Then, in step two, with the aid of several Cypriot law firms, the Shadow Bank created dozens of anonymized corporate entities, the “Laundering Entities” (ultimately controlled by Kolomoisky and Bogolyubov) each with numerous PrivatBank Cyprus accounts, through which the various loans could be comingled and moved across the various entities and accounts in a complex shell game, meant to obscure the origin of the funds. As stated in the complaint, although these entities “had billions of dollars moving in and out of their accounts, in reality, the entities had no business, assets, operations, or employees and were shell entities deployed for money laundering purposes.”
In step three the laundered money originally acquired through “general corporate financing” loans, was channeled to a group of related Delaware LLCs and used to purchase commercial assets in the United States (more on this later), contravening the stated purpose of the loans.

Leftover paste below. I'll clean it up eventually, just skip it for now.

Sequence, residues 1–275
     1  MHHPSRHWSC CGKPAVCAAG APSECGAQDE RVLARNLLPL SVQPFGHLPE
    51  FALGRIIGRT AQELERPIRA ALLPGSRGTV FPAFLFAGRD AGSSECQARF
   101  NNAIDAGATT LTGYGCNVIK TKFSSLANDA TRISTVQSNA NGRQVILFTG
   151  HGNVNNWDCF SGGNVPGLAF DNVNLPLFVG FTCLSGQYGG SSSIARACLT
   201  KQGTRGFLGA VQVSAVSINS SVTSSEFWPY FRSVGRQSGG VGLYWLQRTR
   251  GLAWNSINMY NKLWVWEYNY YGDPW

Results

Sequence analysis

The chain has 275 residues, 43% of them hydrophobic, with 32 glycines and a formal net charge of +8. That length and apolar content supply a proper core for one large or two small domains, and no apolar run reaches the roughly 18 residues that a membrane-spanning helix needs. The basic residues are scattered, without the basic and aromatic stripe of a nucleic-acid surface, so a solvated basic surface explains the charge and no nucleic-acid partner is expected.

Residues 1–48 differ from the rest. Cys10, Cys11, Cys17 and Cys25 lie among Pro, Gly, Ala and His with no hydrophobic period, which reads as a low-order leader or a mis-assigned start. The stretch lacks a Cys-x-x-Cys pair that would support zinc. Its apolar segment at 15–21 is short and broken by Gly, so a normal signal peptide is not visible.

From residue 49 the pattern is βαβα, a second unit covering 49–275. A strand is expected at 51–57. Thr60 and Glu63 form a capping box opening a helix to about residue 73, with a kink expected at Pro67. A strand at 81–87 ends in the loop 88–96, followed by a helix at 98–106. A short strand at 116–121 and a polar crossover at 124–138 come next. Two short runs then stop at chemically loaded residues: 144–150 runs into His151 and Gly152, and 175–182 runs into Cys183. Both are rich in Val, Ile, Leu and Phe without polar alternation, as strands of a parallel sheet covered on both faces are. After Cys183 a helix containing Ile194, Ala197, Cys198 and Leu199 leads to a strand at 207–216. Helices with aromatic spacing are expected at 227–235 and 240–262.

Finally, in step four, the bank’s accounting was squared by repeating the first two steps and using the laundered funds from the second round of loans to pay off the first round of loans, in a Ponzi-like process known as “loan recycling.” As a July 17, 2019 article from the Financial Times put it, this scheme continued within PrivatBank until “regulators found a $5.5bn black hole in its balance sheet,” at which time Kolomoisky departed first for Switzerland, and later for Israel (where he also possesses citizenship), in the hope of avoiding possible extradition to the United States.
The Optima Group